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  • Author or Editor: David Eshar x
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OBJECTIVE To compare blood glucose concentrations of black-tailed prairie dogs (Cynomys ludovicianus) measured by use of a variety of portable analyzers with results from a laboratory biochemistry analyzer.

SAMPLE Venous blood samples (3 mL) obtained from each of 16 healthy black-tailed prairie dogs.

PROCEDURES A portion of each blood sample was used to measure glucose concentrations by use of an amperometric human point-of-care glucometer and a colorimetric species-specific portable blood glucose meter designed for veterinary use with both canine (code 5) and feline (code 7) settings. The remainder of each blood sample was placed into 2 tubes (one contained lithium heparin and the other contained no anticoagulant). A portable veterinary chemistry analyzer (PVCA) and a handheld analyzer were used to measure glucose concentration in heparinized blood. Serum glucose concentration was measured in the remaining portion by use of a biochemistry analyzer. A general linear mixed models approach was used to compare glucose concentrations and measurement bias obtained with the various measurement methods.

RESULTS Measurement bias and differences in mean glucose concentrations were apparent with all measurement methods. In particular, the veterinary glucometer, whether used on the canine or feline setting, overestimated mean glucose concentrations, whereas the human glucometer, PVCA, and handheld analyzer underestimated mean glucose concentrations relative to the concentration obtained with the biochemistry analyzer.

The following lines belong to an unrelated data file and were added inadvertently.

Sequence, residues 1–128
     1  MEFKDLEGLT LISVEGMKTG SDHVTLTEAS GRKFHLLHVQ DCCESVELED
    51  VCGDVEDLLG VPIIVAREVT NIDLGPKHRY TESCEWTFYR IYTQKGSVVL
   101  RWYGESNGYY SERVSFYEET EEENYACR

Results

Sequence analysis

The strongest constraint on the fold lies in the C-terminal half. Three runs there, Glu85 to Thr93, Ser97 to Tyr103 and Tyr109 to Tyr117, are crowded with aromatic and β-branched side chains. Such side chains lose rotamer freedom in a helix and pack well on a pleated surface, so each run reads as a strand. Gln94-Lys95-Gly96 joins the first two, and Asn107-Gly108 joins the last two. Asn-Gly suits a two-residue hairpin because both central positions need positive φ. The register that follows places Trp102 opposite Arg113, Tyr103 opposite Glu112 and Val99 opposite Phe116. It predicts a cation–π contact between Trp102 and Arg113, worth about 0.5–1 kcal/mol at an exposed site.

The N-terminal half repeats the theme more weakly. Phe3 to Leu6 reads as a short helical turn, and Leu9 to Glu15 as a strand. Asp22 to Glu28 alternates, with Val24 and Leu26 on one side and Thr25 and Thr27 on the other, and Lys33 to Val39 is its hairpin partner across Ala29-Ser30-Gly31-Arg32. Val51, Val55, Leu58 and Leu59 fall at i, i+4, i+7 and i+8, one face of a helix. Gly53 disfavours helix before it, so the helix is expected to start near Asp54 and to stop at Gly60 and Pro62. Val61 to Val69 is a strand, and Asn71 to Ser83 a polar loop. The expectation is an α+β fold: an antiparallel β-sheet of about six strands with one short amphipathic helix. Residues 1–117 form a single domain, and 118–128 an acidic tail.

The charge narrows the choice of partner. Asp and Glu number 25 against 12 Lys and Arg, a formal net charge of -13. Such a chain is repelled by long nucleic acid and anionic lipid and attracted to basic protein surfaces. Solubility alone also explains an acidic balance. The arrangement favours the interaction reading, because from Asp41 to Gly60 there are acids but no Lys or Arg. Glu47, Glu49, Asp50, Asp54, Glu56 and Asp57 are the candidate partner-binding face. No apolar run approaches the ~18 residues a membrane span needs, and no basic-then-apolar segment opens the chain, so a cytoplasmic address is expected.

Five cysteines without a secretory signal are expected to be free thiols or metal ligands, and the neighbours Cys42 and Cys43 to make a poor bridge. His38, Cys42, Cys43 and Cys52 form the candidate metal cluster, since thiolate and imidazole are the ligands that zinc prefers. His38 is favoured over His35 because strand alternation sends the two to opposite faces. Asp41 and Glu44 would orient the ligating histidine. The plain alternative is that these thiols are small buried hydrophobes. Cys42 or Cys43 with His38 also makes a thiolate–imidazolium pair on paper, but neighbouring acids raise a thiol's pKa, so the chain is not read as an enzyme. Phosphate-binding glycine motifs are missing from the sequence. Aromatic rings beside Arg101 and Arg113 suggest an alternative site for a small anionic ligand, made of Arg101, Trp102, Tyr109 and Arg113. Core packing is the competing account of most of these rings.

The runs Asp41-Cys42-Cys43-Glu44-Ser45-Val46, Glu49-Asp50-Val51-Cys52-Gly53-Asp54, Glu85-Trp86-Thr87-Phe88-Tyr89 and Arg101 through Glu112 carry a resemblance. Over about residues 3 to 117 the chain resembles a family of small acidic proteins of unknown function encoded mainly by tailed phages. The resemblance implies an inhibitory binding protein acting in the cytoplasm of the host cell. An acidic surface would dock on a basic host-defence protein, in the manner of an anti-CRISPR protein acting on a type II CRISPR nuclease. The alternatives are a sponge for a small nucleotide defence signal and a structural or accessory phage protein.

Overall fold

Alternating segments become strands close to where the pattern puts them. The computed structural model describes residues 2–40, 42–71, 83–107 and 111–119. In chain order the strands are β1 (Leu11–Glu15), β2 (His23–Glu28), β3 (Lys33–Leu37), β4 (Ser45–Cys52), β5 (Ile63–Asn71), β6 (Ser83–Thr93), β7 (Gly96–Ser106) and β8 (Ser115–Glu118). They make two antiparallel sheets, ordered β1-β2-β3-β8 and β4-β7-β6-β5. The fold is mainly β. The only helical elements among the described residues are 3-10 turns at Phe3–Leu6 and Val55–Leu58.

CONCLUSIONS AND CLINICAL RELEVANCE Results indicated that none of the measurement methods provided consistently accurate blood glucose concentrations of black-tailed prairie dogs, compared with values determined with a biochemistry analyzer.

Full access
in American Journal of Veterinary Research


OBJECTIVE To investigate effects of storage duration and temperature on biochemical analytes in plasma from red-eared sliders (Trachemys scripta elegans).

ANIMALS 8 red-eared sliders.

PROCEDURES Blood samples were collected. Plasma was harvested and analyzed at room temperature (approx 23°C; time = 1 hour) and then fractioned into 0.1-mL aliquots that were stored at room temperature or were refrigerated (4°C) or frozen (−20°C). Biochemical analysis of stored samples was performed at 4 (room temperature), 8 (4°C), 24 (4°C), 48 (4° and −20°C), and 72 (−20°C) hours and at 7 days (−20°C). For each time point for each storage temperature, bias was calculated by subtracting values from the value obtained at 1 hour. Bias was modeled by use of a linear mixed model.

RESULTS Storage temperature had a significant effect on several plasma biochemical analytes. In general, aspartate aminotransferase activity and uric acid, total protein, and potassium concentrations increased after storage at 4° and −20°C. Differences in values after storage were mostly within the acceptable range for allowable total error, except for calcium and potassium concentrations for samples stored at −20°C. Both storage temperatures increased variability of measurement results. Results for samples stored at room temperature for 4 hours did not differ significantly from values at 1 hour. Results differed significantly between refrigerated and frozen samples stored for 48 hours.

CONCLUSIONS AND CLINICAL RELEVANCE Short-term storage conditions influenced results for some biochemical analytes. These effects should be considered when performing biochemical analyses of plasma samples obtained from red-eared sliders.

Full access
in American Journal of Veterinary Research